“I’ve drawn on my long, strange and winding travels through art editorial rooms, in and out of collaboration in art–technology spaces, to expand and hopefully deepen its scope.”
Nora N. Khan,
photographed by
Lyndsy Welgos

Despite our expanding online efforts, HOLO’s print edition remains at the heart of what we do. Reimagined as a rotating research framework—see our production diary for details—the HOLO Annual will explore disciplinary interstices with renewed focus and fresh voices in the mix. Every year, a guest Editorial Lead in close collaboration with a Research Partner will develop an agenda around pressing questions and invite a wide range of luminaries to respond. Today, we are proud to announce that Nora N. Khan will steer the 2021 HOLO Annual as Editorial Lead.

Nora N. Khan is a writer of criticism on digital visual culture and the philosophy of emerging technology. Her research focuses on experimental art and music practices that make arguments through software, machine learning, and artificial intelligence. She is a professor at Rhode Island School of Design, in the Digital + Media program, where she teaches critical theory and artistic research, writing and research for artists and designers, and the history of digital media. She’s also the curator behind “Manual Override,” the ambitious 2020 exhibition at NYC’s The Shed, that invited artists including Morehshin Allahyari and Martine Syms to “subvert the values of invasive technological systems.”

Nora first ‘blipped’ on our radar during her tenure with Rhizome, New York, where she shaped the internet and digital art imprint’s voice as editor and lead of its special projects arm. Over the years, we followed her thinking and commentary in top-tier art publications such as Artforum, Flash Art, Mousse, and 4Columns as well as several books. In Seeing, Naming, Knowing (2019), she parsed the logic of predictive algorithms and machine vision, and for Fear Indexing The X-Files (2017), she and co-author Steven Warwick binge-watched the entirety of the 90s sci-fi series and ruminated on its various phobias.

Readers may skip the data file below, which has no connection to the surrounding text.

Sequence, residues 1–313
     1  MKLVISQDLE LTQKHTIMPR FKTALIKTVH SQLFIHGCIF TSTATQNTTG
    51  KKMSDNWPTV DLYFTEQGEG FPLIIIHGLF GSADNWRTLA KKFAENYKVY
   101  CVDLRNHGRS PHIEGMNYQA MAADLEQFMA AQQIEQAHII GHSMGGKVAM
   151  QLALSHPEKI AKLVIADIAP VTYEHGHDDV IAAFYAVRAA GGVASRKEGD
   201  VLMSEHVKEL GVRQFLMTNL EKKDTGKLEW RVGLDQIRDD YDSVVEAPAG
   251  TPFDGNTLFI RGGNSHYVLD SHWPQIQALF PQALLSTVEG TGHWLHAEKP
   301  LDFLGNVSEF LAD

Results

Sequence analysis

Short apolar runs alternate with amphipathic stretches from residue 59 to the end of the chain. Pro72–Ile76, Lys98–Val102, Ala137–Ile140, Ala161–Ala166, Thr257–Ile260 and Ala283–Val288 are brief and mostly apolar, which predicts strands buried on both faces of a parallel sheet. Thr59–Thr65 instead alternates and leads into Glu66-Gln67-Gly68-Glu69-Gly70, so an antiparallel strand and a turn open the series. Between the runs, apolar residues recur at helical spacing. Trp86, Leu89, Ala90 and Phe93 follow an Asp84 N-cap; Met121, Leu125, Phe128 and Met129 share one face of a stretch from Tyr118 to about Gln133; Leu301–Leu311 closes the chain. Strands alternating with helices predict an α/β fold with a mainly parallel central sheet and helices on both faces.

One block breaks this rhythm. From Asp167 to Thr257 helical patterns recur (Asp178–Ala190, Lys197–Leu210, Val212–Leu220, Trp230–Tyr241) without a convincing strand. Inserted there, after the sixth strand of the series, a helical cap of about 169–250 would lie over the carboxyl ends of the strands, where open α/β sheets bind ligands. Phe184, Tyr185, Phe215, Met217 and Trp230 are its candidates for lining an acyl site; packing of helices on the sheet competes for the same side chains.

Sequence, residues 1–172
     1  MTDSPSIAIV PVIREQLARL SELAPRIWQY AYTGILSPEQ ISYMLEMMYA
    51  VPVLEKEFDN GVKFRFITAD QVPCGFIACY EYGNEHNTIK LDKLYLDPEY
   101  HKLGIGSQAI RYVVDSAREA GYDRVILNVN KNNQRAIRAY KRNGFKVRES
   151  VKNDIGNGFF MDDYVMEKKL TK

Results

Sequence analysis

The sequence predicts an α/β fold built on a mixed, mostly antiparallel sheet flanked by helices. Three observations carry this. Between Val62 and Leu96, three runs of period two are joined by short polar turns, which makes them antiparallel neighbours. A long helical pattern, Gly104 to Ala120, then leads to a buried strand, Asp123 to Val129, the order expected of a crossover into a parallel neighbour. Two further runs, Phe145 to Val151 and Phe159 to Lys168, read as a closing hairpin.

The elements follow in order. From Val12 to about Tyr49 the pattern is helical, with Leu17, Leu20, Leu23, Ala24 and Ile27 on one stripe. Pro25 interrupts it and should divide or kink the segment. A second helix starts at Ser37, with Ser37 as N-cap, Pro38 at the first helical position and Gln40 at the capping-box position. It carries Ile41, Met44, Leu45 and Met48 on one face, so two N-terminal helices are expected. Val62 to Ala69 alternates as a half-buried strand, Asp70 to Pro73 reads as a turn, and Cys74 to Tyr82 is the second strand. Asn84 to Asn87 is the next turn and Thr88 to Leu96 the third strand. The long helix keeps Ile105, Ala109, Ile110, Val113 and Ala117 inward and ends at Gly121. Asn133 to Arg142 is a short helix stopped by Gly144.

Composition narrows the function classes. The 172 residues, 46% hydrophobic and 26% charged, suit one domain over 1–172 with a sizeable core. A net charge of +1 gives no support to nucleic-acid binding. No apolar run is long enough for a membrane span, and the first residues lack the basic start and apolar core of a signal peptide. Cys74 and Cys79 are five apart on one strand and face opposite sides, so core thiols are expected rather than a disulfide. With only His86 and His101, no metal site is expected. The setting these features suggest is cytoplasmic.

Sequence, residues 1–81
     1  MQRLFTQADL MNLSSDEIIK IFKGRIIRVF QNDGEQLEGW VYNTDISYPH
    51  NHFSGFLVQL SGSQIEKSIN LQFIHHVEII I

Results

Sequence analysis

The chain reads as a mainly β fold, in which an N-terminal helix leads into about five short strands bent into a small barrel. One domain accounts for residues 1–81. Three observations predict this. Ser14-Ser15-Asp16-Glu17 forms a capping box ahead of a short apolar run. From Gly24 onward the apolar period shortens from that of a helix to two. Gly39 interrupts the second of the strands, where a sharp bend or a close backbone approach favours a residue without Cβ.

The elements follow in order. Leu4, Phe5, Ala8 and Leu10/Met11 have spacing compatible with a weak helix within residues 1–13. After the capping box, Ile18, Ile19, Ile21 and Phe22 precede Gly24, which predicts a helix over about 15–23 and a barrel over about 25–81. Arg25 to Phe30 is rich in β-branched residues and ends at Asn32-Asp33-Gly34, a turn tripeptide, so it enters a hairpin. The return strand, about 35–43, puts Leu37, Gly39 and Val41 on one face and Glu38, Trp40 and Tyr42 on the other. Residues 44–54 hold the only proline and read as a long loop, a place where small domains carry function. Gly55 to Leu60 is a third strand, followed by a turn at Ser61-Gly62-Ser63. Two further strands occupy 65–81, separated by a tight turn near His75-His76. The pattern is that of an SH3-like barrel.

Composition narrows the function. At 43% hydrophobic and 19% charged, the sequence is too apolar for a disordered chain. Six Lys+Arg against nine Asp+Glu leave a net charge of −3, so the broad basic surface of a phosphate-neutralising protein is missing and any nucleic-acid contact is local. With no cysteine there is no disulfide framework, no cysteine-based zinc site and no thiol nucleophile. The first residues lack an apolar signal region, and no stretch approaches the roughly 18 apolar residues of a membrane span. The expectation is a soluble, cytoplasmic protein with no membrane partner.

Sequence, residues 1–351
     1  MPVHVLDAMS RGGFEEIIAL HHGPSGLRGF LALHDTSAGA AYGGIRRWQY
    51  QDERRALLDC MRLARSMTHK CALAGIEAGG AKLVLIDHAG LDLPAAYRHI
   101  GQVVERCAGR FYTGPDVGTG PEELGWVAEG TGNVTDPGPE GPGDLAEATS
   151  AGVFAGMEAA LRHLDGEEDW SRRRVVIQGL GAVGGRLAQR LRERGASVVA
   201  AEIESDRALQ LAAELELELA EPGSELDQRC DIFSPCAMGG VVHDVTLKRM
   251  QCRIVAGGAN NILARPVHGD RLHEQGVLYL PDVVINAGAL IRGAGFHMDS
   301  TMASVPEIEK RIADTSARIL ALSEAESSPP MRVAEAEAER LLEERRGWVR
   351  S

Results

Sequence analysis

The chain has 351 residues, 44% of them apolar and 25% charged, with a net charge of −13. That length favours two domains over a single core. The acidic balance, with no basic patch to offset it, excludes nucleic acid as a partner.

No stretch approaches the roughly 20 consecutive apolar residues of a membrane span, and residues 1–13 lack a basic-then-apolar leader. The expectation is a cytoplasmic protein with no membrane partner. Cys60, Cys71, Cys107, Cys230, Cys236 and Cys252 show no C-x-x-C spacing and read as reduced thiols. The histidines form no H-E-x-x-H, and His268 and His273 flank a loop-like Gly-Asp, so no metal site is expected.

Left: A scene from Drumpilled, a virtual collaboration with Team Rolfes for Unsound 2020

Right: In her most recent book, Seeing, Naming, Knowing (2019, The Brooklyn Rail), Nora parses the logic of predictive algorithms and machine vision
In 2020, Nora was the New York Shed’s first guest curator, organizing “Manual Override,” an exhibition featuring Lynn Hershman Leeson, Sondra Perry, Martine Syms, Morehshin Allahyari, and Simon Fujiwara
A spread from Ian Cheng: Emissaries Guide to Worlding (2018, Serpentine), which Nora contributed to. The book unpacks Cheng’s trilogy of simulations about cognitive evolution, past and future, and the ecological conditions that shape it
A Wild Ass Beyond: ApocalypseRN (2018) is a collaborative installation Nora realized with Sondra Perry, Caitlin Cherry, and American Artist at New York’s Performance Space

However, it’s her idiosyncratic collaborations with artists in the HOLO-verse that really captured our attention: she framed Casey Reas’ machine hallucinations in Making Pictures with Generative Adversarial Networks, worked alongside Sondra Perry, Caitlin Cherry, and American Artist on the installation A Wild Ass Beyond: ApocalypseRN, and meditated on Ian Cheng’s mythical simulations in Emissaries Guide to Worlding. And then there are weird and wonderful collusions that are a little harder to categorize: a virtual influencer that chronicled Unsound festival (with Team Rolfes), a libretto script for an opera about fiber-optic technology (with Bill Kouligas and Spiros Hadjidjanos), and fictions for an mixed reality installation about microbes (with Tuomas Laitinen). This transdisciplinary savviness in experimenting with narrative and format matches great with our ambitions for The Annual.

“In just a few short weeks Nora’s voice has enriched our thinking, offering fresh perspective, generous reflection, and incisive curiosity. The HOLO Annual couldn’t be in better hands!”

Nora joined our team in February, after outlining a bold vision in response to a private call we circulated amongst several of our favourite writers and editors. “Serious journalistic research ‘reveals’ the works of a system;” read one line in her proposal. “Artworks investigate the logic of algorithms; critics narrate the reveals,” read another. It’s been non-stop brainstorming ever since. “I’ve drawn on my long, strange and winding travels through art editorial rooms, in and out of collaboration in art–technology spaces, to expand and hopefully deepen its scope,” she wrote in one of her emails. Similarly, under her leadership, The Annual will create (more) space for vital questions and expand the conversation.

We wholeheartedly welcome Nora to the HOLO team! In just a few short weeks her voice has enriched our thinking, offering fresh perspective, generous reflection, and incisive curiosity. We’re excited to support Nora realize her vision, knowing the HOLO Annual couldn’t be in better hands.

You’ll be able to read more from Nora very soon! Next week, she will take over the aforementioned development diary to, as she put it, “think in public,” as The Annual comes together. There, she’ll wrestle with vexing questions and converse with key contributors, documenting her process as we shape—and reshape—our magazine. After all, This Isn’t Even My Final Form.